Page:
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Ahh, another blast from the past. I don’t know what it is, but I’m on a massive re-reading binge at the moment. I first read Dee Tenorio’s Betting Hearts in 2006, how amazing is that? Where has the time gone?

Anyway, I still enjoyed this book as much as I did the first time.

Without further ado, here’s the blurb

When Cassandra bishop’s ex-fiance shows up with the prerequisite, blonde haired, big boobed bimbo in tow, and announces that he’s getting married, she’s absolutely gobsmacked. Not because she’s still in love with him, but because, he broke their engagement a year ago, after telling her that he was gay.
Things go from bad to worse, when bastard ex-fiance tells cassandra, that the real reason he broke up with her was because she wasn’t woman enough for him. The swine!

Cassandra being the fiery tempered broad that she is, decides to rearrange his well-placed nose.

Devastated by this revelation, Cassie gets drunk as a skunk, and ends up at her best friend, Burke Halifax’s house at stupid o’clock. A ritual which Burke has long become familiar with.

For the past twenty-two years, Burke has made it his life’s work to make sure that nobody hurts Cassie. She’s the best friend he’s got, and he’ll be damned if a snivelling little fuckwit like bastard-ex-fiance is gonna hurt his friend.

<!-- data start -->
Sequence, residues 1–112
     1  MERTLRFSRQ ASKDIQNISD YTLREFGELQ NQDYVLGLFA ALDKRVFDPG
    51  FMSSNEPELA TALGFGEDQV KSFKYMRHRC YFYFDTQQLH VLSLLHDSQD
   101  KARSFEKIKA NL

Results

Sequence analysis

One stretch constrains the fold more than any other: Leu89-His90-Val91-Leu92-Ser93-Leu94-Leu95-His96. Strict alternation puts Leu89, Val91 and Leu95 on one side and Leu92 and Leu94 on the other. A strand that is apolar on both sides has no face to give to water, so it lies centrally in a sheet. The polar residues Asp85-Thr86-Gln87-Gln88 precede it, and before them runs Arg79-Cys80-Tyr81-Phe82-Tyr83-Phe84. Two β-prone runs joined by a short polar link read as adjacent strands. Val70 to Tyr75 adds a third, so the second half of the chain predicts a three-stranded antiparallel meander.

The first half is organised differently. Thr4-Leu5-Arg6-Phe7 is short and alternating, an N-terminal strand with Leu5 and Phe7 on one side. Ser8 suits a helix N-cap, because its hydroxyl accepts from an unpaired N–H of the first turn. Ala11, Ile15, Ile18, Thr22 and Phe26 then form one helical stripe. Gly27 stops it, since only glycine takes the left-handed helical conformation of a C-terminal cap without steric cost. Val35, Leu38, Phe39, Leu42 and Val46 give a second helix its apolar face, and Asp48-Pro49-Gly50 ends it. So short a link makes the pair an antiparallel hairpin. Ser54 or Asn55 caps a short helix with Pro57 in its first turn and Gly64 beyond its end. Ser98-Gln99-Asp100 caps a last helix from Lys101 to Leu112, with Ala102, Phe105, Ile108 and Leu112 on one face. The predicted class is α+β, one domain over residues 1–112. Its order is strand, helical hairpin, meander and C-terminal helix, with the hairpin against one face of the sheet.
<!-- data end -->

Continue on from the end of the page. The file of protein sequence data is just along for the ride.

Things start to get out of hand when bef issues a wedding invitation to cassie, out of spite.

Burke foolishly bets Cassie’s prized car that she’ll be the hottest woman at bastard-ex-fiance and big boobed bimbo’s wedding. Cassie herself is determined to prove that she is woman enough for any man, least of all her BEF, and thus the make-over of one Cassandra Bishop begins, with a few mishaps along the way, to keep things interesting.

Will burke and Cassie finally work out that they float each other’s boat, or will they keep looking for love in all the wrong places?

My Verdict

I. Loved. This. Book.

I don’t ask for a lot in romance. Seriously, I don’t. I don’t give a fuck about dangling participles, definite articles or prepositions. I’ll leave those worries to editors. As long as the book is written in plain common-sense English, I’m happy. I want good characterisation, an interesting plotline, and a writing ‘voice’ that doesn’t compel me to hang myself from the nearest lampost.

This book met all my requirements, and so much more besides.

Betting Hearts was an extremely well written book. I loved the dialogue between the hero and heroine. I loved that Tenorio had put a different spin, on a much re-hashed plot device, and she also had some cracking characters.

It’s been absolutely ages since I laughed so much I nearly wet myself, (not literally of course because I do actually have excellent control of my bladder) but Betting Hearts had me laughing from the first page, to the last.

Tenorio’s voice appealed to me because she kept it simple. She didn’t try to wear her brains in her book, as so many authors try to do, and she had the ability to let me (the reader) come to my own conclusions, rather than insulting my intelligence, and explaining everything from the thread to the needle. She was able to draw me in from the very beginning, and kept me reading until late into the night.